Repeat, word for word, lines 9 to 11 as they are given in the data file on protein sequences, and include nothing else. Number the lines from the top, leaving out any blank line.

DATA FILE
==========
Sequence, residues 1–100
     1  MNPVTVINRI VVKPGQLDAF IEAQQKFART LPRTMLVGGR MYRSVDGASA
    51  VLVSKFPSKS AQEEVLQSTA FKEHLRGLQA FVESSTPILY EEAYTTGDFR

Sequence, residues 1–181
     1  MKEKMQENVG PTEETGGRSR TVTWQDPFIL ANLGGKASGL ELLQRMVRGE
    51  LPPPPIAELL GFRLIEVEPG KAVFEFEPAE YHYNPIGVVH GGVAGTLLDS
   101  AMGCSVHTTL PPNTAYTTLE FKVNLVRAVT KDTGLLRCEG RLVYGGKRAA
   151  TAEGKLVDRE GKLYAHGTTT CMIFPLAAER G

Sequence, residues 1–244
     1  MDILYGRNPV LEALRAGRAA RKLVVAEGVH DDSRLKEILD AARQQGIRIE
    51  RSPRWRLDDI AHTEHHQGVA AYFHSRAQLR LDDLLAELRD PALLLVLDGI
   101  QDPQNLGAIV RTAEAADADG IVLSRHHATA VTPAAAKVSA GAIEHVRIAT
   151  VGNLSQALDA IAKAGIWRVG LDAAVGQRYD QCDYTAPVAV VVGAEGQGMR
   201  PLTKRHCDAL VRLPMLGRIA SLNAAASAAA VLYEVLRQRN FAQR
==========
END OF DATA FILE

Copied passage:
Sequence, residues 1–244
     1  MDILYGRNPV LEALRAGRAA RKLVVAEGVH DDSRLKEILD AARQQGIRIE
    51  RSPRWRLDDI AHTEHHQGVA AYFHSRAQLR LDDLLAELRD PALLLVLDGI